Beets are a divisive vegetable. On the one hand, they are beautiful and delicious. On the other, they dye everything in their path, including your fingernails if you are not careful, and some people are of the opinion that they taste exactly like a big clod of dirt.
Both undercooking and the absence of acid tend to make beets taste less pleasantly "earthy" and more unpleasantly "like dirt," and so one of the nicest things you can do with a beet is to pickle it. Indeed I think it is a mistake under almost any circumstances to serve a beet without including a little something acidic to raise it up. A squeeze of lemon or splash of vinegar will pull together a plate of roast beets, a pink risotto, or a beet rösti the way that butter finishes a sauce. As the Dude's rug is to his room, so is a touch of acid to a beet-oriented meal.
I like a very simple pickled beet. If I feel exceptionally fancy, I will add some sprigs of thyme or tarragon, or a small hot pepper. Anything more, in my view, just gets in the way.
I do consider it a fine idea to introduce other ingredients which will themselves be transformed by the influence of the star players. The two that come immediately to mind are peeled hard-boiled eggs and sliced onions. Either one will turn beautifully pink, if you are using traditional magenta beets rather than the golden kind, and their presence will not compete with the beets themselves.
My usual starting point with beets is to roast them whole. This has the advantage of a very low initial threshold of effort--just give them a quick scrub, rub with a little olive oil, and chuck them in the oven. Later, when they're fully cooked and fully cooled, the skin will slip right off, and you can cut them up and proceed as you like.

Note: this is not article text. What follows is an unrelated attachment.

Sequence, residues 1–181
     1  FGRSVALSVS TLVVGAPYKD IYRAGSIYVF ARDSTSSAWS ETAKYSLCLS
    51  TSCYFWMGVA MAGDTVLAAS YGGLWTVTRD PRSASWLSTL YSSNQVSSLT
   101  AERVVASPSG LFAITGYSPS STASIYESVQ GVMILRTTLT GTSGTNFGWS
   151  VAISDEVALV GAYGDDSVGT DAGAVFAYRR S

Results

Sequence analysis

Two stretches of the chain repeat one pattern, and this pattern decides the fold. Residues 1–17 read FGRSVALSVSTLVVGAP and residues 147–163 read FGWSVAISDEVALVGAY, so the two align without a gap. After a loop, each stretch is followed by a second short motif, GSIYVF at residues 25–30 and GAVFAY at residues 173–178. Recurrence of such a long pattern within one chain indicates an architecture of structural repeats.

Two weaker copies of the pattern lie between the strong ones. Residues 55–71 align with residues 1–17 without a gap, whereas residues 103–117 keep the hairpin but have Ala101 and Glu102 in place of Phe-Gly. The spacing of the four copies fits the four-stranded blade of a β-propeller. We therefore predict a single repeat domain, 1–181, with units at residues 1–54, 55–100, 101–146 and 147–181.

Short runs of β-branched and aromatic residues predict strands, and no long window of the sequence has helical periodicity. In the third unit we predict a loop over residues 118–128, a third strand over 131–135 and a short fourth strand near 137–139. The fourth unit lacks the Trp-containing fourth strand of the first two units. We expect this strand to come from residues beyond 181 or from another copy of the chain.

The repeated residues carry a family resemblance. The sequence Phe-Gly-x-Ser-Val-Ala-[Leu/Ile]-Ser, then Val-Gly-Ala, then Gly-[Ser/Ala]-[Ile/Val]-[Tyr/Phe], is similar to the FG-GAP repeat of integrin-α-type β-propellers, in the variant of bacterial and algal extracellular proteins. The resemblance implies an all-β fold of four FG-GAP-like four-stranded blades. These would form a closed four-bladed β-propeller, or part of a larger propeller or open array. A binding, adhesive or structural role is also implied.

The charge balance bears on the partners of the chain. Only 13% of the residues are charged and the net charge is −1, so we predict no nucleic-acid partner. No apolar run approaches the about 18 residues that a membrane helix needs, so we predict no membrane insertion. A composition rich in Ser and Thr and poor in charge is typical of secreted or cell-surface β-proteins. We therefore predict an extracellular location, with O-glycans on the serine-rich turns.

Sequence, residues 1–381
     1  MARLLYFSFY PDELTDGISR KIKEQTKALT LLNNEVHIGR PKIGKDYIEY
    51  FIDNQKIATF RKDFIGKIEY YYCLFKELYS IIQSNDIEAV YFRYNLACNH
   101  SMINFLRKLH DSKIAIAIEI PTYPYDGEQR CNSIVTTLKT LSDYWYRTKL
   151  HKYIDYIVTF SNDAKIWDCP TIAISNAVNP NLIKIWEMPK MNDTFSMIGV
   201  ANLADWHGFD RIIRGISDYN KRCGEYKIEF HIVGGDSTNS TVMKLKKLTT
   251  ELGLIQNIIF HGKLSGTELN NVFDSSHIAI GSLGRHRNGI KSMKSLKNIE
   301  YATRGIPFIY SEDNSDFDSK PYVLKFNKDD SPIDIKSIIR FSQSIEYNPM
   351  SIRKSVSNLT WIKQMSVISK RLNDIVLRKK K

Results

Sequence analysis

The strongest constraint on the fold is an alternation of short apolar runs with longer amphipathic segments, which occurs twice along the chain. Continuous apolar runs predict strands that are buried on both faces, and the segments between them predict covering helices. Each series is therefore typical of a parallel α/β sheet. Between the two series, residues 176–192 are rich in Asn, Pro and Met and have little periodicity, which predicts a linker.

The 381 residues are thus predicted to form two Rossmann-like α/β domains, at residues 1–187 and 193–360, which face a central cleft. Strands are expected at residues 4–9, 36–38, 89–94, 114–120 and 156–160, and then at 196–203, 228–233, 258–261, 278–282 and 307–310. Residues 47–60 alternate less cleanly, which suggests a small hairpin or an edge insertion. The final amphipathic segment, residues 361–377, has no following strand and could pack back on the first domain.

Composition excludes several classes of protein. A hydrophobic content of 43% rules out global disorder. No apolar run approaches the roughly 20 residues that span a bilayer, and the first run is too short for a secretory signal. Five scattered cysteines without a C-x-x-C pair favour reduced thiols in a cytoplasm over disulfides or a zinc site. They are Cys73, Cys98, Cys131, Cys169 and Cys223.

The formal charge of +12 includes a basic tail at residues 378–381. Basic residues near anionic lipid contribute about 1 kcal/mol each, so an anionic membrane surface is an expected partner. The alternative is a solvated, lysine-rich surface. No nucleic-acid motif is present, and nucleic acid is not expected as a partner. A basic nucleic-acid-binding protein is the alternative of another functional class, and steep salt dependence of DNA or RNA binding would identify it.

Then a recent article in the New York Times dining section pointed out that the juice from raw beets doesn't stain hands the way that cooked beet juice does. Also, cutting your beets into pieces of the same size before cooking means that they will cook more quickly and at the same rate. I gave this method a try for my most recent batch of pickles and found that it worked as advertised.
Still, if you decide to try the same thing, note that one way or another there comes a point at which cooked beet juice is in the picture. Wear an apron.
Pickling is really a snap if you don't mind storing the results in the refrigerator, rather than on the shelf. If you want to can these properly, you'll need to make sure the jars are sterilized and that the lids are new, and to process the filled jars in a boiling water bath.
1. Roast and slice some beets. You can roast them first, then wait until they are cool to skin and slice them, or you can do it the other way around. Or you can boil them (peel and slice first), in which case you should save the cooking water to use in making the brine. Either way, be sure to cook them until they are tender all the way through. An undercooked beet is not nice. This is the time consuming part of the project.
2. Loosely pack the cooked, sliced beets in a clean dry jar, or jars. Put a sprig of thyme or tarragon at the bottom if you like. Coarsely grind some pepper over the beets, then add the brine:
3. For the brine, mix cider vinegar, water, salt, and brown sugar together in the following proportions: For each cup of vinegar, use half a cup of water and half a teaspoon each of salt and sugar. (I found that one bunch of beets used about a cup and a half of vinegar.)
4. Heat the vinegar mixture to steaming hot. Don't breathe the fumes! Stir to be sure the salt and sugar are dissolved, then pour over the beets. Fill each jar to within a quarter inch from the top, then screw on the lids. If you come up a bit short on brine, just make up the difference with water.
5. Refrigerate for at least a couple of days and up to a few months.
BEETS AND EGGS
1. Hard boil some eggs. Peel them.
2. Make the beets as above, but when you pack them into the jars, layer them with the eggs. You'll need to make a good bit more brine, of course, to cover the added volume. Or, if you prefer, you can add eggs to the brine at any point later on, as you eat beets and free up space in the jar.
3. It's best to start eating the eggs after they've spent about three or four days in the brine, and to finish them off in a couple of weeks, before the texture becomes regrettably rubbery.